Giving medications can be tough—especially if you’re uncertain how to administer them.
Your dog will sense this and may avoid you, struggle, or fight you. If you’re confident, know what to do, and can do it quickly, then struggles should become a thing of the past.
Before You Leave the Veterinarian’s Office…
When your vet prescribes medication, there are several questions you should ask. First, “what is this medication?” Then, “what is the medication for?” “What results does she expect from it?” “What side effects should I keep an eye out for, and which ones are serious?” Don’t be embarrassed asking these questions.
Make sure you know how often to give the medication, how much, and for how long.
With many pills, the prescription will be for a specific number of days and you will get only that number of pills. For example, a prescription is one pill a day for seven days, so you go home with seven pills. If your dog needs a liquid medication to take by mouth, or he needs eye medication, the bottle of medication is rarely measured as accurately as pills are. Make sure you understand the dosage details.
Ask if there’s anything else you need to know: Can the medication be given with food? Should certain foods be avoided? If there’s more than one medication can they be given at the same time or do they need to be spread out? If so, how far apart?
Giving a Pill
The most common technique of giving a pill is hiding it in a bit of food. In fact, this is popular enough that there are commercial, edible pill holders. You place the pill in a pocket and give the whole thing to your dog. This makes giving your dog medication easy; especially if he’s an eager eater. However, if your dog takes food gingerly, sniffs everything before eating, or has previously bitten down on a bitter tasting pill, then this technique won’t work as well.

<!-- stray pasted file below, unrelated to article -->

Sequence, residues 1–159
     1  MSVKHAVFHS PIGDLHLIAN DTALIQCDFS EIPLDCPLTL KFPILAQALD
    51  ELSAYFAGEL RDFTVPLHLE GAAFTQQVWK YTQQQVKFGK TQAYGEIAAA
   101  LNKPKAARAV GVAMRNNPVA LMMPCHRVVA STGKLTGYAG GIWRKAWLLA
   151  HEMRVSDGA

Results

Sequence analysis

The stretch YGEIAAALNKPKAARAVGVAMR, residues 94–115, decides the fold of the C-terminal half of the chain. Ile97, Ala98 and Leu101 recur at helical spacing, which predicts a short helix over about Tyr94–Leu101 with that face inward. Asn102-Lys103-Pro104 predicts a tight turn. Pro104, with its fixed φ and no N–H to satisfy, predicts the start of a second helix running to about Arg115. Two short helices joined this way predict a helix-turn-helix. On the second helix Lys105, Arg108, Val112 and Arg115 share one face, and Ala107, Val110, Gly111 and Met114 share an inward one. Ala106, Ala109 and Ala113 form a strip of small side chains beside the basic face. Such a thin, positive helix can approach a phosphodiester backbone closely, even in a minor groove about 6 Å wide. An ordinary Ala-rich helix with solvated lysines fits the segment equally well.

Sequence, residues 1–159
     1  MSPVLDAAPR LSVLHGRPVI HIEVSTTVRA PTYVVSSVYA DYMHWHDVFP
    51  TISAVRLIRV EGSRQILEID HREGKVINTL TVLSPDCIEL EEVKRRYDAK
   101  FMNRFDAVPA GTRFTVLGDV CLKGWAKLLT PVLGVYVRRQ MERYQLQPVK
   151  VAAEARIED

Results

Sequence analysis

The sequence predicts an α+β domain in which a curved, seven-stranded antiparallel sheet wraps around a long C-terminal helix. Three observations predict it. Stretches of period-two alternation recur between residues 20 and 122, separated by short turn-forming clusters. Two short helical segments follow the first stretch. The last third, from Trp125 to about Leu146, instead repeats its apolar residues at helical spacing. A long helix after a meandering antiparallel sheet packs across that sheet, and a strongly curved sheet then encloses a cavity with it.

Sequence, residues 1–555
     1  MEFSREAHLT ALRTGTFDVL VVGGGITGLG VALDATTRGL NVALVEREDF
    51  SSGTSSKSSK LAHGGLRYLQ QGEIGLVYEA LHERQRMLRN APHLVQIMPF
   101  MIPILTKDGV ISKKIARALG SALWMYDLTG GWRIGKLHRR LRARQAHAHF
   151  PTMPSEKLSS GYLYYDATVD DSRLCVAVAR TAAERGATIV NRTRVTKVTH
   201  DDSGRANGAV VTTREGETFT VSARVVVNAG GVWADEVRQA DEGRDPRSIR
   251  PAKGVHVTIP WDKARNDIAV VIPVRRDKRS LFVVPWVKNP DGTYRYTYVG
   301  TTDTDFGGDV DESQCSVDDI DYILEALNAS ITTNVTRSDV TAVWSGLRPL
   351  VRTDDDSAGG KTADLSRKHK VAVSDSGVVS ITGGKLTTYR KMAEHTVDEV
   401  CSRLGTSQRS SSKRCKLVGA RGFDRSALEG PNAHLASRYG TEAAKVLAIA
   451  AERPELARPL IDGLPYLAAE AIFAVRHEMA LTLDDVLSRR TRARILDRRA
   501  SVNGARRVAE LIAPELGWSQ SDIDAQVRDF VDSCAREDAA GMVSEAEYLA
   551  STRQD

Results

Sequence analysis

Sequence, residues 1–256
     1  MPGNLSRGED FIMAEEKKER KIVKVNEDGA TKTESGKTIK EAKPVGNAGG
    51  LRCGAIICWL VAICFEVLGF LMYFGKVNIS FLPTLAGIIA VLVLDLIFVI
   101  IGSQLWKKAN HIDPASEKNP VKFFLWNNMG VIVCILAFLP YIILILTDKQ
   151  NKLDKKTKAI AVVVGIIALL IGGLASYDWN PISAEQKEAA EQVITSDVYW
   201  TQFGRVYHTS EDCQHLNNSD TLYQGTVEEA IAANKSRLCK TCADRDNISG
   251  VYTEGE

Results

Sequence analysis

An alternative method of giving pills, and the technique used by most veterinary technicians, may be quicker. While learning how to do this, put a leash on your dog. Scoop him close to your left side (or put small dogs on your lap) and drop the leash to the floor, putting your left foot on it. This will make sure your dog doesn’t run away from you. Hold the pill in your right hand. With your left hand, reach over your dog’s head, placing your hand over the top of his muzzle.
Gently put pressure on his top lips with your index finger and thumb. When he opens his mouth to relieve the pressure, tilt his head back so you straighten his throat. With your right hand, drop the pill to the back of his tongue. Let his head return to a normal position, close his mouth, keep it closed, and gently rub his throat. Watch for him to swallow.
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